Once you have your resume and cover letter in shape, you'll want to devote some time to preparing for the upcoming interview. This face-to-face meeting with potential employers is an opportunity to share what you know about the position and its requirements, as well as demonstrating your familiarity with the industry in general.
Be prepared to field some generic questions that you might get for any interview, but to really impress your interviewer prepare for some questions that are specific to the ambulatory nurse position. With these answers, you can show how your past experiences and training have prepared you to excel in the job you're hoping to obtain. With the right answers, you'll be able to highlight your abilities and convince hiring professionals that you are the best person for this job. The key is searching out the most likely ambulatory nurse interview questions and preparing some answers before the day of the interview.
5 Ambulatory Nurse Interview Questions & Answers
1. Can you describe some of your past experiences with patients and relate how they have prepared you for a position as an ambulatory nurse?
My work as a nurse has been primarily in the emergency room of the hospital, and this has given me many chances to meet with patients with a variety of backgrounds and diagnoses. This exposure to different circumstances has taught me to be flexible, specifically to adapting my treatment of patients to suit the situation. I've had to assess patients in unique settings and I've had to implement a wide range of interventions for the improved health of the patient.
2. This position may require you to travel from place to place. You might be called on to provide care in a patient's home or in a group home. How do you plan to address the confidentiality of the client while being thorough in your documentation?
I understand the importance of confidentiality in all aspects of this job. In the past, I have taken steps such as logging out whenever I leave my computer, correctly filing paperwork and not leaving documents out in the open, and shredding documents when I'm finished with them. I believe that I will be able to implement preventative measures while I'm on the go as well. With tools such as a locking briefcase and password protected technology, I am confident that I'll be able to maintain my patients' confidentiality.
3. In this job, you'll often encounter people dealing with intense emotions, and you may be the target of untoward behavior. How do you plan to deal with these situations?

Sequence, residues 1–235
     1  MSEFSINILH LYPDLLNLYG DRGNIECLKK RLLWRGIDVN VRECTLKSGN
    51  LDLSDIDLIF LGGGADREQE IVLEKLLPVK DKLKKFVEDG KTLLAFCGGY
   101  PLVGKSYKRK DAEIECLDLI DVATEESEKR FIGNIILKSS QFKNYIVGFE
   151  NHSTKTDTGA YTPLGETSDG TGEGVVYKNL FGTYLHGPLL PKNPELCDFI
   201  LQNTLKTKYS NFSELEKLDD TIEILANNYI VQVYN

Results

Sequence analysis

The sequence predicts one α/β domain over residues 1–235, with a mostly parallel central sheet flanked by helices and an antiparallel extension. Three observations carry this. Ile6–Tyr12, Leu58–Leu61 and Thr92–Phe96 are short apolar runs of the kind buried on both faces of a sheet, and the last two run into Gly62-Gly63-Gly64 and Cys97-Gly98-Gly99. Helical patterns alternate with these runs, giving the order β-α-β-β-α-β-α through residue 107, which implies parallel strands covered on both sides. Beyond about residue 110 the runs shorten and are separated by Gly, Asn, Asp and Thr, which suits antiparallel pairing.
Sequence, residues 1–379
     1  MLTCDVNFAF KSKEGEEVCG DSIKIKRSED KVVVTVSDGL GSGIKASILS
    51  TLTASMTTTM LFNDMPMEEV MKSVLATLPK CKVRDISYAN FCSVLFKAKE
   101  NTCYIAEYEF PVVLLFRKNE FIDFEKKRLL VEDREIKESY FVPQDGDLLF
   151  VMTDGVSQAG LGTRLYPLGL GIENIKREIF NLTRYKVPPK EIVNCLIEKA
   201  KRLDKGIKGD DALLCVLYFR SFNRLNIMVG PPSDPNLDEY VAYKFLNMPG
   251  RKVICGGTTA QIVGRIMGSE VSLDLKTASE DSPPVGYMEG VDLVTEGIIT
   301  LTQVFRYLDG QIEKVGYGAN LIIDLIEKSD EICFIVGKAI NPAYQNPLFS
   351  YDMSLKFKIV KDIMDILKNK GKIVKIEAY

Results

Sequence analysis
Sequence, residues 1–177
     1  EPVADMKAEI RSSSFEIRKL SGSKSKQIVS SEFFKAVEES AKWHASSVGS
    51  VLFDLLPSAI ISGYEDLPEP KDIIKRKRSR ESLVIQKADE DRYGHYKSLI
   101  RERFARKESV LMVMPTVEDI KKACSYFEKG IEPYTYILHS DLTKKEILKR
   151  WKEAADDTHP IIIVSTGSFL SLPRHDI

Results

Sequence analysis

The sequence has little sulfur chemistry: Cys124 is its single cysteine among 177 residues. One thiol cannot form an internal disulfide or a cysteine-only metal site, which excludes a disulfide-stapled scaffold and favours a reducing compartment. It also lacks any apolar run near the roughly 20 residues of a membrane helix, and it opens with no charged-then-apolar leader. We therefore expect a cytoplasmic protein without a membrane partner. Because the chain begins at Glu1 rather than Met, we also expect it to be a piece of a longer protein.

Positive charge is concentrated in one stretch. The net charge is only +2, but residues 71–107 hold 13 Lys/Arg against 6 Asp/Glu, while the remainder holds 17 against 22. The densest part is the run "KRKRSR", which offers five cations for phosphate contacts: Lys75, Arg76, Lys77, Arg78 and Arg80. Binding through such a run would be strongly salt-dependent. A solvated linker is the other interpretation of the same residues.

I've been in many situations involving patients who are at their worst. It helps me to remember that these individuals are in a position of extreme vulnerability. They may be afraid and are often in a lot of pain. As I think about this and recall times when I have felt those emotions, I'm able to address their emotional needs with compassion and their medical needs with professionalism. Patients are generally grateful for this and many return later to apologize and thank me. This strengthens my ability to cope with future experiences.
4. You'll have to adapt to changes in regulations and policies regarding your responsibilities as an ambulatory nurse. How do you plan to stay up-to-date on the requirements and licensing pertinent to your job?
I've come to realize the importance of continued education and keeping track of my own hours because I've worked with employers who stayed on top of this and those who didn't. As I sign up for classes and training, I work on areas of compliance first and then expand into areas of training that allow me to provide better care for my patients. This puts me in a position to refresh my familiarity with guidelines and regulations even as they continue to evolve and change.
5. How will you keep pace with the increased use of technology in this industry?
I think recognizing the benefits of new technology is a good first step. From there, I plan to take advantage of training and other resources when possible. I believe that putting that technology to use is the best way to increase comfort and familiarity with new software and devices. As I take advantage of improving technology, I believe that I'll provide better care for my patients and make better use of my time while on the clock.